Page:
Monday, July 8, 2013

A Day in the Life by Senji Kuroi




 
It's been difficult deciding which of Dalkey Archive's latest books published in their Japanese Literature series to go for first, but something about the slightly enigmatic presentation of Senji Kuroi's A Day in the Life, pulled me towards it. Translated from the Japanese -  一日 夢の柵 by Giles Murray, the cover of the book describes it as a novel, but turning curiously to the inside pages we're presented with A Day in the Life, and Other Stories, faced with the presentation this way around you'd have to surmise that the, and Other Stories comes as a subheading to the novel. A Day in the Life comes as twelve portraits of events of a day seen from the perspective of an elderly man, there are some linking scenes and motifs amongst the stories, these are mainly in the form of appointments with doctors, medical centre waiting rooms and medical examinations. The links are not explicitly done, but they remain there in the corner of the reader's field of thought to the degree that after finishing each of the chapters you have to pause momentarily and ponder on the scenes that might have potentially formed links. In some of these stories you get the sense that the full disclosure of the story is left open ended and that the ending scenes of one story maybe described in more detail in the succeeding ones. Most of the stories revolve or start from observations of commonplace and unassuming events of the everyday, but scrupulously convey how normality is a country we take for granted. There's an aspect to Kuroi's writing which carries an understated ability to represent certain associations or events and leave it to the reader to decipher, events unfold sometimes in an unrelated way which can lead the characters into uncharted territory. In the story Marunouchi the discovery of a telephone number written on a piece of a paper found deep in the pocket of a seldom worn coat leads to an encounter of an enigmatic meeting with a woman whose identity has eluded the protagonists memory, after the meeting normality reverts so quickly that makes the reader wonder if the meeting had actually occurred.

As well as being enigmatic in tone the stories convey the sense of being representative of ideas and associations which emanate from the everyday, some are disarming in their depictions of the ordinary as in Shallow Relationship where a man finds himself curiously out of sync with the technical world he encounters; an ATM, an automated train ticket machine, all suggest subtle demarcations that are there to subtly remind us of what being human in the modern world entails, and also points to the world devoid of a sense of common humanity, a world which is subject to change and continual transformation. A reoccurring observation in the characters of these stories is of the world that existed before and is slowly disappearing from their view, the memory of a tree which acts as a local landmark pulled down to make way for a car park, and in Shadow House where a retired man and an elderly woman observe the construction of a coffee shop being built on what used to be a neighbour's home, the previous owner, a woman who made dolls to supplicate her living is remembered. In this story the past and the present become strangely linked when the elderly man sneaks into the property, (another characteristic that appears in a number of these stories), and discovers a doll in the house, perhaps this represents the spirit of the previous owner lingering in the property?, it's left to us to make up our own conclusions.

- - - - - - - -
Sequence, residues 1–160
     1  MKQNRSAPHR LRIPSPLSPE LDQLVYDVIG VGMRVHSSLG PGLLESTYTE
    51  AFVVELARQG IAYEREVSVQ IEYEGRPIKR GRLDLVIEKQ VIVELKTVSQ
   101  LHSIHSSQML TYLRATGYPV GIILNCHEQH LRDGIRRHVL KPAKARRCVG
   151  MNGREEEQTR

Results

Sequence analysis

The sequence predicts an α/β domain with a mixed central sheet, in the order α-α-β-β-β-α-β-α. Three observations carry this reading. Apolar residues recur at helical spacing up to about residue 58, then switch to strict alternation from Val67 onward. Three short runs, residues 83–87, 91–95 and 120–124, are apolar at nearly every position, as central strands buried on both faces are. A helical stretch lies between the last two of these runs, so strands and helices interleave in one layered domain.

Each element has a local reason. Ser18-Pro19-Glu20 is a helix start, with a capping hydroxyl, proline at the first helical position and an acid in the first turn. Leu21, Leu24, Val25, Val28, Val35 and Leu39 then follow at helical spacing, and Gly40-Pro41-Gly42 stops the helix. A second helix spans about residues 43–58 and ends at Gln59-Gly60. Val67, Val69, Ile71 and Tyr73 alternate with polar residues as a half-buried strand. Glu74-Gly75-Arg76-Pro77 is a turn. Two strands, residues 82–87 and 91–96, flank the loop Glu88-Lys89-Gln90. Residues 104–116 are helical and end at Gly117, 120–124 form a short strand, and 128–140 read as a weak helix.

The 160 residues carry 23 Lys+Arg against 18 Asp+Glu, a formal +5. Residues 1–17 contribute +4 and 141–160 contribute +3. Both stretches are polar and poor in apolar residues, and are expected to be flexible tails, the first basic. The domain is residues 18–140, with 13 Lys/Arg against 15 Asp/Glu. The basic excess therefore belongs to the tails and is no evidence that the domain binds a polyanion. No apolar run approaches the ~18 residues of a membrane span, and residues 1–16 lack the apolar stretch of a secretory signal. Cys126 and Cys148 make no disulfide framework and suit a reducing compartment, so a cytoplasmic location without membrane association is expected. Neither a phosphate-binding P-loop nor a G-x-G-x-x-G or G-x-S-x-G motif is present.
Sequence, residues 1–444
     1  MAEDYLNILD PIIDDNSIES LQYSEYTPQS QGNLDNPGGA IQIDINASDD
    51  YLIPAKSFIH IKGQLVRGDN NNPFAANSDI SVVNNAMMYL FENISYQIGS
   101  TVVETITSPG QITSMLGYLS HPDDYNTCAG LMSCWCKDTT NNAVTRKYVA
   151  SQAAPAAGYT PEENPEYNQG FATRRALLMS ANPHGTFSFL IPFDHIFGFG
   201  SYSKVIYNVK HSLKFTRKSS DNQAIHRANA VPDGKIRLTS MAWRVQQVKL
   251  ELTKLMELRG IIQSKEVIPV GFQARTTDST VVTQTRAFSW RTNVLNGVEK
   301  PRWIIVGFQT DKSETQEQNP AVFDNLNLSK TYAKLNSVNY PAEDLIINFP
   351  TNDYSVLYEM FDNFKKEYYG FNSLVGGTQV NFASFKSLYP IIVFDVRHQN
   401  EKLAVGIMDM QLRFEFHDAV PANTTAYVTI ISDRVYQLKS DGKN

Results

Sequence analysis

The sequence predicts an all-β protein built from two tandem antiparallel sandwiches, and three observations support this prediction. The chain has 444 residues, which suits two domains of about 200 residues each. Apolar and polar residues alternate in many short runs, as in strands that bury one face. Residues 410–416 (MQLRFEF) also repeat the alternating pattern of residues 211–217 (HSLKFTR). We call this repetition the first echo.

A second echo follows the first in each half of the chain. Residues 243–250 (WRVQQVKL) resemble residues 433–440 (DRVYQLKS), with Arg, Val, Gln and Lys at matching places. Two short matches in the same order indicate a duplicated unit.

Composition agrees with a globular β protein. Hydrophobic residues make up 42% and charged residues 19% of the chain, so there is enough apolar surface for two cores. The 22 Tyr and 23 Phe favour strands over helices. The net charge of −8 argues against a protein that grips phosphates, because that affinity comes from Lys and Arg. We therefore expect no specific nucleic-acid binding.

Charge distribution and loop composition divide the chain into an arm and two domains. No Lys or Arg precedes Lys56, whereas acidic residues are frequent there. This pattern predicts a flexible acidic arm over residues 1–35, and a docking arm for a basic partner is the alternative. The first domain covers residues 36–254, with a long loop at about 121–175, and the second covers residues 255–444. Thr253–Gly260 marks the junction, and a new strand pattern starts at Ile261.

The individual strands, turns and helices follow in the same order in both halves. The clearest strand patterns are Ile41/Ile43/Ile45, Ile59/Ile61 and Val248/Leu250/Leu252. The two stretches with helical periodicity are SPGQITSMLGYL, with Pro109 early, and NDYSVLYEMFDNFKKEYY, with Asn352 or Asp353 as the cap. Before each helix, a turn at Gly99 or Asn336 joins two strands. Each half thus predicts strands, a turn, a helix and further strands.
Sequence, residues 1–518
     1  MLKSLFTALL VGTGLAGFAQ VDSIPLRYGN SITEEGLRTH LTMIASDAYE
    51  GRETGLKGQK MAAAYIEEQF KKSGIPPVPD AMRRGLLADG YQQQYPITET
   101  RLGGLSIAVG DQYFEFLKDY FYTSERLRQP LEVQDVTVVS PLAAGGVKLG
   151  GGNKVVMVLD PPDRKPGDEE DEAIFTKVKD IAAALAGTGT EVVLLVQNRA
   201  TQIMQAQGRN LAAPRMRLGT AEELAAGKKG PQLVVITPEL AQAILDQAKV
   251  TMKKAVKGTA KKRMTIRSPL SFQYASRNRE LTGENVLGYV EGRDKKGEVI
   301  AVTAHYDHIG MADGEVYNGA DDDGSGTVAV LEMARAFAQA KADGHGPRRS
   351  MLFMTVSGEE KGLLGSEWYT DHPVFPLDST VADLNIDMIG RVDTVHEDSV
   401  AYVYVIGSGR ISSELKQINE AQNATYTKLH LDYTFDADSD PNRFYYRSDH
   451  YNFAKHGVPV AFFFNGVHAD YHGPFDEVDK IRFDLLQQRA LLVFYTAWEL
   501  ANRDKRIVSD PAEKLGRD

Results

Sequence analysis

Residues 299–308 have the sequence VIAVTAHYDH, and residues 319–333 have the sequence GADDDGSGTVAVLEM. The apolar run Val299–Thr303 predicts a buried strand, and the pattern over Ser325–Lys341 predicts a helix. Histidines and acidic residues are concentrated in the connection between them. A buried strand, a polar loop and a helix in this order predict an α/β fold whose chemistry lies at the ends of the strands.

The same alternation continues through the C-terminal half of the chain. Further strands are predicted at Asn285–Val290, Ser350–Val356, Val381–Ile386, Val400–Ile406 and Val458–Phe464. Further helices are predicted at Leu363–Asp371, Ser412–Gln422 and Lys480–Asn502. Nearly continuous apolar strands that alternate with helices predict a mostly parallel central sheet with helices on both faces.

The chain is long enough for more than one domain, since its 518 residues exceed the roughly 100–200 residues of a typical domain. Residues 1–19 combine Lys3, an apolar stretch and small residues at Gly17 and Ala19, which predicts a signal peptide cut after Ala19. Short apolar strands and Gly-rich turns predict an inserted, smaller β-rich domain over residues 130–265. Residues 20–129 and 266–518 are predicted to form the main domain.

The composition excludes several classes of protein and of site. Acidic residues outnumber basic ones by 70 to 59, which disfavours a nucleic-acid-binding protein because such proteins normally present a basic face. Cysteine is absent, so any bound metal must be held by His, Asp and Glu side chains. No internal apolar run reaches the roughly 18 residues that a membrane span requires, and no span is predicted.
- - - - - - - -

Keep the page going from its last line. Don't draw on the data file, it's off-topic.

Although each of these pieces takes us into different directions, there are a number of linking scenarios that are played out in the stories which give the pieces an added sense of cohesion; the protagonist seems to repeatedly find himself entering buildings where enigmatic episodes are occurring, each time this happens it feels that we are on the cusp of unlocking the deep puzzle to understanding the motives and causes at the centre of them only to find that the central action or deeper mystery is actually being played out at an unsuspected location, or in some of them the enigma impenetrably remains. It's disarming to find how easily some of the characters here drift in and out of their lives, entering at times effortlessly into the world of complete strangers, sometimes this is a familiar world and other times it becomes a hostile and intimidating place, as in the final story Yozo's Evening, where the protagonist is pursued by a haranguing character and tries to throw him off his trail by entering a apartment block that is not his own, the narratives seem to wander effortlessly from the inner into a collective consciousness. In the Train, seems to be a contemporary retake on Tanizaki's short story Terror, taking the opportunity to re-evaluate and explore the contemporary psychological landscape. A Day in the Life is an engaging collection of excursions into an enigmatic landscape of neighbourhoods, waiting rooms and inner psychologies, interestingly presented under the parenthesis of being a novel.  


A Day in the Life at Dalkey Archive

A Day in the Life at Kinokuniya



            

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